Longford Leader's Mattie Fox: An alarm makes it safer for older people to remain independent

Mattie Fox

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Mattie Fox

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Mattie Fox

Longford Leader columnist, Mattie Fox

As old age approaches, or has become an everyday reality, some of us need to find ways to make ourselves safer.

Things that make a person safer include a personal alarm, and monitor.

There are other things that would greatly enhance the security of the older person. Some older people are reluctant to engage with many of the accessories that are cheaply available, in order to reduce their strain whether that be on the back, the upper body, or the legs.

All of which are rendered under a certain inevitable strain by everyday tasks like carrying in firewood, or turf, or whatever is being burned in the home. There are several handy trolleys available to buy, that make such tasks possible without any strain whatsoever.

For some strange reason, when we get older, many of the age take a very strident resistant stand, and would do anything before giving in and recognising that they’re not teenagers any more , and need the help.

Doesn’t stop anyone doing what they want, in fact it makes doing what you want more enjoyable.

For my own part, I wish I’d thought of some very convenient contraptions that are available in several places, such as Argos, long ago.

That way, I wouldn’t now have a weakened back.

Monitors, such as are available from the State, are marvellous applications, that make for a very secure state of mind, and any time you get into trouble, you know there is help at hand.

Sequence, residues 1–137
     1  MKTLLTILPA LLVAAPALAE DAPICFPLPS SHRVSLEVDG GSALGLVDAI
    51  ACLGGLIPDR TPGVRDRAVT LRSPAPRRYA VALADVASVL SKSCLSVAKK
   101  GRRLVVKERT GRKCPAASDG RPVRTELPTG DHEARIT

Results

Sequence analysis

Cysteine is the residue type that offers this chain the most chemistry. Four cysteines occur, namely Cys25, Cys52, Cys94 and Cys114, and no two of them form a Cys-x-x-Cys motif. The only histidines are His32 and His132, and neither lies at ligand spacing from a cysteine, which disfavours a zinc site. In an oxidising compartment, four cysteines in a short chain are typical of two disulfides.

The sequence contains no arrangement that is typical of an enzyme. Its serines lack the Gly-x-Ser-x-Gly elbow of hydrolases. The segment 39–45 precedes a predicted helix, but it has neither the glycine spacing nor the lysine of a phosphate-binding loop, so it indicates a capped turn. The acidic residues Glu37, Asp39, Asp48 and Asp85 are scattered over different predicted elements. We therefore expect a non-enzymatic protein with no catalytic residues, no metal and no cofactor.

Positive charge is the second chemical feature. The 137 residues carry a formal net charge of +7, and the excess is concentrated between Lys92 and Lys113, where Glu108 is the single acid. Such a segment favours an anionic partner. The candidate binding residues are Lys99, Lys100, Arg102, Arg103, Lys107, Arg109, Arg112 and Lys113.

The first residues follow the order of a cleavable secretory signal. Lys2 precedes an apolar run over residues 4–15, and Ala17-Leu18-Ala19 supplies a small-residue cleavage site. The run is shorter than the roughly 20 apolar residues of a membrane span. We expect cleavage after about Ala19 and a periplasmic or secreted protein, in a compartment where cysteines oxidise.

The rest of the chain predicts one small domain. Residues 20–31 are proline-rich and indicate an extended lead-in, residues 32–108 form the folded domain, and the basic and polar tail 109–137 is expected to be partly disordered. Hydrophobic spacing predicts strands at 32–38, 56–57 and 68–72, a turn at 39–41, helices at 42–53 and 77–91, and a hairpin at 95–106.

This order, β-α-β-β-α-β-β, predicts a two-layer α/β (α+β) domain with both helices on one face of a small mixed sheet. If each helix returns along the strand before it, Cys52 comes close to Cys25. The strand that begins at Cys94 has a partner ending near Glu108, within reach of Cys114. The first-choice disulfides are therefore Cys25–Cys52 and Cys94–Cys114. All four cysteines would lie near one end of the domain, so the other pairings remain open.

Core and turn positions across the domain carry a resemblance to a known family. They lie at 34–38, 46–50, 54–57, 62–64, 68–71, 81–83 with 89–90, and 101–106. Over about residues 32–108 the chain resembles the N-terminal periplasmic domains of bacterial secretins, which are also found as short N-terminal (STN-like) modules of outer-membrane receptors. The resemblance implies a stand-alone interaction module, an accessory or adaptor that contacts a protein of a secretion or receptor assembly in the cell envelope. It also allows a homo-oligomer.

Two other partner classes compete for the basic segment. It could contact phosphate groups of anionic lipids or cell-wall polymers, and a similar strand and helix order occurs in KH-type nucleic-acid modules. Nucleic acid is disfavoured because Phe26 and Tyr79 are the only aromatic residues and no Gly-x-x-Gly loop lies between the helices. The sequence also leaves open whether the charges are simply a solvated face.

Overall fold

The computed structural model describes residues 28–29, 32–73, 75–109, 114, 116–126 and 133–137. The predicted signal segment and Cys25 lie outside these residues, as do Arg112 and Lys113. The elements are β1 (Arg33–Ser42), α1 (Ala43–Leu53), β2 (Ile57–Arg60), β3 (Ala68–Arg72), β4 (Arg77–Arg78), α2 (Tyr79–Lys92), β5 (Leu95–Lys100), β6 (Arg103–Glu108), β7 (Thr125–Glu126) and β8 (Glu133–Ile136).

You might never, ever use it, but isn’t that just the point?

An alarm is another thing that makes it safer for older people to remain independent.

The move to inform the people is a very good initiative, and we should applaud the parties who are responsible, for their vision.

They ran the advert in the Independent on Monday, in Irish, and later in the week in the language of the majority, English.
It’s a great pity, but very few Seniors understand the language sufficiently to decipher what was being broadcast in the first advert.

It could have been double Dutch to the vast majority of readers.

Still, the Government is obliged to run the advert in both languages. The Gaeilgeoirí among us would be up in arms if not.
And maybe they are right, too. It’s one of the few opportunities to use the National language.

The advert is announcing the availability of monitors, personal alarms, and communication by phone in the event of anyone feeling bad or taking suddenly ill.

This is something to be seized upon by those in the process of getting older. Nobody should be bothered by that, since it is a fact. Getting old is part of living, and life. Just because you feel the necessity to engage with assistance doesn’t mean you’re in the last throes of life itself.

I read the obituaries and notice how many particularly in the UK live to be well over ninety. It seems the majority of those passing away, reach a long and fruitful life.

Make sure you get a chance to avail of monitors, personal alarms, and be happy to get a communication by phone.

It’s your right, and surely we should avail of every protective measure.

If you drive a car, you must get insurance.

That doesn’t mean you must crash.

Someone once said “don’t worry about getting old; it’s a privilege a lot of our friends didn’t have!”

Read more from Mattie Fox here.